The perfect football boot.
It offers the football player stability, optimises the transfer of power, even in difficult pitch conditions, and ensures that you get the perfect spin when striking the ball: the soccer boot. Prof. Veit Senner and his team from the Professorship of Sports Equipment and Materials at the Technical University of Munich (TUM) measure what really matters. To this end, they have developed a testing device, equipped with an artificial foot that can be used to simulate perfectly the movements of the foot and the forces between surface and boot.
Choosing the optimal boot is as important to a football player as choosing the right tyres is to a racing driver. “Power from foot to surface and ball is transferred through the boot”, explains Prof. Veit Senner. On the one hand, the boot must transfer to the surface all of the typical movements that a sportsperson might attempt, such as sprints, turns and feints, with minimum loss and without affecting the pronation of the foot. On the other hand, however, the boot must also transfer as much energy as possible to the ball.
These requirements cause conflicts and this affects the design of the boot: a stiff sole helps to transfer more energy when contact is made with the ball. In addition, the stiffness of the sole prevents the foot from deforming when you shoot and the studs from pressing against the insole. On the other hand, it is precisely this stiffness which can impair the pronation of the foot and also the lossless transfer of movements to the surface.
Risk of injury by knee locking
The challenges faced by the boot change depending on the type of playing surface, for instance, natural or artificial grass (AstroTurf), dry or wet pitch. For example, longer studs may provide more stability when the pitch is wet but they dig deeper into the ground. This means that players must use more power to execute certain movements, especially when it comes to sprints and quick changes of direction.
This also increases the risk of the knee becoming locked. Here the studs are planted firmly in the surface. The player tries to turn but the foot cannot follow this movement. “As a result, the knee is subjected to rotation loads”, explains Senner. Worst-case scenario, this can cause a cruciate ligament injury – an injury that Antonio Rüdiger picked up only a few days ago during the German national team’s first training session in France.
However, it is not just the playing surface that the boot should be optimally adapted to; how you connect with the material of the ball is also crucial. Players also often like to transfer torque to the ball when shooting. Therefore, in addition to having good technique, the connection between the instep of the boot and the ball is vital.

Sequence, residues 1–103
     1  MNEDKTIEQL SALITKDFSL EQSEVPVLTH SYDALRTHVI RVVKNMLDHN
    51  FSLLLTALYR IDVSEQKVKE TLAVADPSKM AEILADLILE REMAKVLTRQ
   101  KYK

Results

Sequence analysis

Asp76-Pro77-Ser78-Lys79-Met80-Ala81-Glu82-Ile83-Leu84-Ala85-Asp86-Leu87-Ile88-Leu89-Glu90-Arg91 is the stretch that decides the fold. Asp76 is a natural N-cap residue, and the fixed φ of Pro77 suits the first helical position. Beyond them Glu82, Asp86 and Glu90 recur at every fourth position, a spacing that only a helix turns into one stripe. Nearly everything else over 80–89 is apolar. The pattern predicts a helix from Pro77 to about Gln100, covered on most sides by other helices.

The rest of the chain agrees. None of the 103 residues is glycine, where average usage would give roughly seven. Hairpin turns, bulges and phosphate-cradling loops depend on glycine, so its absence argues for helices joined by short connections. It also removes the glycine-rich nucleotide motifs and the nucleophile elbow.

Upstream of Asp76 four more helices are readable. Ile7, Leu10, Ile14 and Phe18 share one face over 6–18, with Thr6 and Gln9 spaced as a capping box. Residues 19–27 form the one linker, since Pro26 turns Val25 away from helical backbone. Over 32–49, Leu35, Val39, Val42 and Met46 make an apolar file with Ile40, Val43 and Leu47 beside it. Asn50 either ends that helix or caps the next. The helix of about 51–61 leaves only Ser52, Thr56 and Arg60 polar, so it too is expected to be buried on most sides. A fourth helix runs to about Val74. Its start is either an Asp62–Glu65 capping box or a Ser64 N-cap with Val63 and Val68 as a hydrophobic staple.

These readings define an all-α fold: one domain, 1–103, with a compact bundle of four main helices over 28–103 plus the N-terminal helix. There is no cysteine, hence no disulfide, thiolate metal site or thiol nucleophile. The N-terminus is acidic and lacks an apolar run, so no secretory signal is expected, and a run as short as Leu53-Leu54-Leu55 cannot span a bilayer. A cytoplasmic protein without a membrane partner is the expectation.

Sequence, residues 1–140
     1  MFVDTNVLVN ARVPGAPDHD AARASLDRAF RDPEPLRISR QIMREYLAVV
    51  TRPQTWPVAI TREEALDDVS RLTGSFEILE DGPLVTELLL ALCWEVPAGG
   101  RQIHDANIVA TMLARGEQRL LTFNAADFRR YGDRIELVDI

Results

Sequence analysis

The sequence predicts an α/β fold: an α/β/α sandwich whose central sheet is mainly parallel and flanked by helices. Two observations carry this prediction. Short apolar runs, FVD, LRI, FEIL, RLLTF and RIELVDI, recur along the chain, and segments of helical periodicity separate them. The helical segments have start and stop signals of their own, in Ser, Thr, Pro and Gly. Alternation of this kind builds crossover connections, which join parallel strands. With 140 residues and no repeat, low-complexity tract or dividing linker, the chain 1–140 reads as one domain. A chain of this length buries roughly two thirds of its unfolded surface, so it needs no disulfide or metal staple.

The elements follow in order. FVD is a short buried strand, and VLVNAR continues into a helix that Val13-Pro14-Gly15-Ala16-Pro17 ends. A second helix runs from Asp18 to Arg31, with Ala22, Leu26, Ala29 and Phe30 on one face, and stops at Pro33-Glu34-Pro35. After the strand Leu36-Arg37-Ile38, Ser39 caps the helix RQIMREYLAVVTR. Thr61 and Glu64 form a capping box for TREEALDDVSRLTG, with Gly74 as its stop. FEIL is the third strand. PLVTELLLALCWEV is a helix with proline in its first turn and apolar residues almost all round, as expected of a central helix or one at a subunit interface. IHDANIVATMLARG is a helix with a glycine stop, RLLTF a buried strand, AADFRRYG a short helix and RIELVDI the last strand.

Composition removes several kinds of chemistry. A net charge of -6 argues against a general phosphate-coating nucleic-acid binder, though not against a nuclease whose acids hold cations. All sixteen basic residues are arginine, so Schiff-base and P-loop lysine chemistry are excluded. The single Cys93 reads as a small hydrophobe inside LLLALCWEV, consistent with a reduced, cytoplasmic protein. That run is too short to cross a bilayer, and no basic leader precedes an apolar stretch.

Biomechanical testing device with a silicon foot
Together with his employees, Senner is testing, among other things, the optimal stiffness and the stud design of the boot whilst taking into account the playing surface. The researchers have developed a biomechanical testing device, equipped with an artificial silicon foot – the so-called TrakTester. The equipment has a piston which is operated using air pressure. Its task is to transfer the corresponding force to the foot. Attached below the piston is an artificial ankle whose axes are modelled on the human anatomy. A thick strap to represent the Achilles tendon is attached to the heel. The foot can be manoeuvred into a variety of positions that are typical to athletic movements and put to the test as part of the experiment. A multi-component measuring cell registers the force and torque delivered to the leg.
The mechanical simulation also behaves realistically with regard to the distribution of pressure in the foot: for example, if the player pushes off from his toes, high pressure is registered in the forefoot.
“This process allows us to measure the performance of the boot and also the risk potential for knee injuries indirectly”,
3D modelling of the motion sequence
Digital modelling supports the process. The scientists analysed, for example, television recordings of soccer matches in which players picked up knee injuries. They modelled the motion sequence in 3D to be able to understand the strain on the leg in visual terms.
The TrakTester can then be used to ascertain the stress applied to the lower leg. To determine the risk potential for the knee, the corresponding forces are applied to a knee simulator, also developed by Senner’s group. Here the researchers can measure how these forces are transferred to the individual structures of the knee. Various degrees of muscle tension are also taken into account. Senner: “In this way, the conflict of objectives between optimal traction properties and injury prevention can be solved using systematic research.”
Article by TUM Online News